"Ol' Three-Paw" has a price on his head bigger than most outlaws. But this "outlaw" is a killer grizzly so murderous that he makes the James Gang look like the Salvation Army. The Gunsmith joins the hunt for the reward money.
But before Clint Adams can catch "Ol' Three-Paw" he has to tame Lacy Blake, a dark-haired lady who will hunt anyone or anything for the right price—and considers herself a match for any man!
What if you were a girl who found herself snowbound in a mountain cabin with two of the hottest guys she's ever seen? How would you spend your time? WARNING - This book contains hot and steamy erotica scenes and is not suitable for all ages. Read For Free With Kindle Unlimited BBW The fire was crackling and the warmth made Jenna feel safe.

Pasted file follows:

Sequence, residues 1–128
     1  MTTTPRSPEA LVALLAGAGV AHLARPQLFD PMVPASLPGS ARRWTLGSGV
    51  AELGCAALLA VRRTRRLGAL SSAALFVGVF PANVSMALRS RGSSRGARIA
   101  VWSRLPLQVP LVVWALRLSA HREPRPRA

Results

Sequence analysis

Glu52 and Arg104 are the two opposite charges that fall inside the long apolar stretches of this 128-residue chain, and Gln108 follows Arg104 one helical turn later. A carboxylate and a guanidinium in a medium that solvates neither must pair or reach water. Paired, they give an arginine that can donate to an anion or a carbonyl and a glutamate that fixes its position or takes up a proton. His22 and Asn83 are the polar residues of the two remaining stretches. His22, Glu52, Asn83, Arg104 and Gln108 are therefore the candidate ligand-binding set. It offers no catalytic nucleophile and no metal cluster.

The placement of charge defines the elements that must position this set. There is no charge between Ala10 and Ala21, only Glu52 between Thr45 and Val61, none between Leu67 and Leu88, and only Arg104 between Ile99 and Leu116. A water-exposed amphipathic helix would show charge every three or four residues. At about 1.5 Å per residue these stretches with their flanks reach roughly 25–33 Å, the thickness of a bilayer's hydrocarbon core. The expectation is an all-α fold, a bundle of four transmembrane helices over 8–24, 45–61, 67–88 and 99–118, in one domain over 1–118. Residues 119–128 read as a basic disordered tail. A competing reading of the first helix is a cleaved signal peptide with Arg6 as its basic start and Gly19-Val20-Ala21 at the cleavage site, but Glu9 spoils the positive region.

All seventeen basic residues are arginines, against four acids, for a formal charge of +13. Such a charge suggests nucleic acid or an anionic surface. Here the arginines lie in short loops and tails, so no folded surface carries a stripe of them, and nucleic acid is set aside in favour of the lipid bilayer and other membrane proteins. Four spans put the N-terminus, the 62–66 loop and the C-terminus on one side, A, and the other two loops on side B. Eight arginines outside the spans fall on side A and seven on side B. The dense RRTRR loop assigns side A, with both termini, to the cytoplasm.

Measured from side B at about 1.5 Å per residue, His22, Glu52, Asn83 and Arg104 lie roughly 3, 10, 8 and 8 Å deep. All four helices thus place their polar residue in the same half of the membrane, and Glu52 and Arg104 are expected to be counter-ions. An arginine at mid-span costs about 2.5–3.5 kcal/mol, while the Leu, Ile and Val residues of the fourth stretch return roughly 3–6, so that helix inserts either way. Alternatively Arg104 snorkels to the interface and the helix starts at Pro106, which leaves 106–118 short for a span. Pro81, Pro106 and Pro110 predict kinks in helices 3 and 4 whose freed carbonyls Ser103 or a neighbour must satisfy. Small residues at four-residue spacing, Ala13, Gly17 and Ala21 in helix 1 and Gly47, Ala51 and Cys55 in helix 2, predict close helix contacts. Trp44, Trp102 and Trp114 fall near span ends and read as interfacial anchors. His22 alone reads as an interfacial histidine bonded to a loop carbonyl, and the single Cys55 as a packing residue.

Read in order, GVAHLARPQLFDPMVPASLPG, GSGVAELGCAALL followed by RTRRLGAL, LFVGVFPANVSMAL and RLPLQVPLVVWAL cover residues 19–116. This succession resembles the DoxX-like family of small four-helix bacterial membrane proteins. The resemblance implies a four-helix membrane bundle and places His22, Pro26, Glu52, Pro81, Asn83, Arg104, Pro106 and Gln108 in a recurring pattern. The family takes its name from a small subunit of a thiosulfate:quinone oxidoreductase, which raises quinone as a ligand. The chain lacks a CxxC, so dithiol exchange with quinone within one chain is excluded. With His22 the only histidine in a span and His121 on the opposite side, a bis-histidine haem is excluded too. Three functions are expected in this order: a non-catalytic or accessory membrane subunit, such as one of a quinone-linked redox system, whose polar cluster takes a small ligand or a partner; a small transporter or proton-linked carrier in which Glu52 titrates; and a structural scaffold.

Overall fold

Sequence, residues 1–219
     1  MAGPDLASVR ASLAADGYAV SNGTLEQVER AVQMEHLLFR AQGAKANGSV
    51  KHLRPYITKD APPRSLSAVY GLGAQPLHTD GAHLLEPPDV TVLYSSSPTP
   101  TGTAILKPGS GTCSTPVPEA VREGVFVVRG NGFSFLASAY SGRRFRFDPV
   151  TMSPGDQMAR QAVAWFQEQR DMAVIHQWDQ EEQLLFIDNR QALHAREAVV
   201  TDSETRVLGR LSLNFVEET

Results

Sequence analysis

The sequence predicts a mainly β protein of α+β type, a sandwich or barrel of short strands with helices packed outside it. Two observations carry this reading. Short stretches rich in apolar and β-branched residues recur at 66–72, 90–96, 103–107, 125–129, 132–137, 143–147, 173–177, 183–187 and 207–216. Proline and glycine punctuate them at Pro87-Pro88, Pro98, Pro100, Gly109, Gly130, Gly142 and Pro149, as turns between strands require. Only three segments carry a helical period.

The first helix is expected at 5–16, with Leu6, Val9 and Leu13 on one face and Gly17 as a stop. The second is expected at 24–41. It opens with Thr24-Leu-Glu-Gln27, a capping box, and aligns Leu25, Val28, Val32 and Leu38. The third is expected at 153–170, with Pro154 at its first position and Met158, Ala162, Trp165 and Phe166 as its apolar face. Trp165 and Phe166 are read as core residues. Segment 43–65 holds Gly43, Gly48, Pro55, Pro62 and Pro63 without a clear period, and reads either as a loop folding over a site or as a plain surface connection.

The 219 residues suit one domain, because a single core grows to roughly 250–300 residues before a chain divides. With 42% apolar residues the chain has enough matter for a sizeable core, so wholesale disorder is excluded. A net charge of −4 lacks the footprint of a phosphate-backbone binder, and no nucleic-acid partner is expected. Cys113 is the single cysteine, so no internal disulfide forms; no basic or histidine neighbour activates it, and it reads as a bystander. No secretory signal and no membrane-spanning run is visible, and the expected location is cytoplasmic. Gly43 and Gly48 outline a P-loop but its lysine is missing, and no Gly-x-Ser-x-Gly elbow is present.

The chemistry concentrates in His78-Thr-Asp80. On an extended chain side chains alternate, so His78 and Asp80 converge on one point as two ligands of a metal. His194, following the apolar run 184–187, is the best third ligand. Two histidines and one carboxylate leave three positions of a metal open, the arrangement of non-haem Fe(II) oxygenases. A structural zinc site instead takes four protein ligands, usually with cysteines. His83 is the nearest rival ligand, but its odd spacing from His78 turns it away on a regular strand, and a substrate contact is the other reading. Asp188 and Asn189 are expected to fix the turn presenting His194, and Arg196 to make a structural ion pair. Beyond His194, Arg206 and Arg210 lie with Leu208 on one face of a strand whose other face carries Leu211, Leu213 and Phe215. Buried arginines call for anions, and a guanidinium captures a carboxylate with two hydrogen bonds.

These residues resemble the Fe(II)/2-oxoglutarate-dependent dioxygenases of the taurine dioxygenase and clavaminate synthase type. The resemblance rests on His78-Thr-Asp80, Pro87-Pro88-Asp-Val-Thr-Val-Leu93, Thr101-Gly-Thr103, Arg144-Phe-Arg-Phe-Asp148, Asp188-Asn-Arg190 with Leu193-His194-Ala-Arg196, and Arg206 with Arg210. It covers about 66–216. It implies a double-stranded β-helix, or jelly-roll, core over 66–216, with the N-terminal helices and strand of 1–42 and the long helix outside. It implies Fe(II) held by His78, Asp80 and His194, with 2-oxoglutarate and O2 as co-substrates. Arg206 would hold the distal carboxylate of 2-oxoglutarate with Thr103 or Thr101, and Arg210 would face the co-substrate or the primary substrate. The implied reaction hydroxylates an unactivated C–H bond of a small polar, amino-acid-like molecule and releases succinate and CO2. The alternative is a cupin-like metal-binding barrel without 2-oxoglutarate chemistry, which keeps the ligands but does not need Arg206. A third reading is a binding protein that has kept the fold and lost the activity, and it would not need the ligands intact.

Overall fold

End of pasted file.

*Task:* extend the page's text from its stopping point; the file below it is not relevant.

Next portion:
The mountain atmosphere and the cozy cabin were all too wonderful–and the ambience may have been the reason why she felt so welcomed by James and Curtis. The truth is, she could feel their eyes upon her. “I’ve really missed this place, and I’ve missed you. Do you realize that it has been three years since we’ve seen one another? I know that we talk on the phone occasionally, but it’s not the same.” Seeing James again in person had made a trickle of sweat run down from her neck and through her cleavage. She squirmed in her seat, looking to both men. She would have liked to taken either one of them to bed right then and there. They all shared a bottle of wine as they reminisced. Jenna and Curtis became fond of one another, almost instantly, and the night rolled on. This book has a HEA and includes bonus stories, including menage, sports, billionaire, step daddy and more!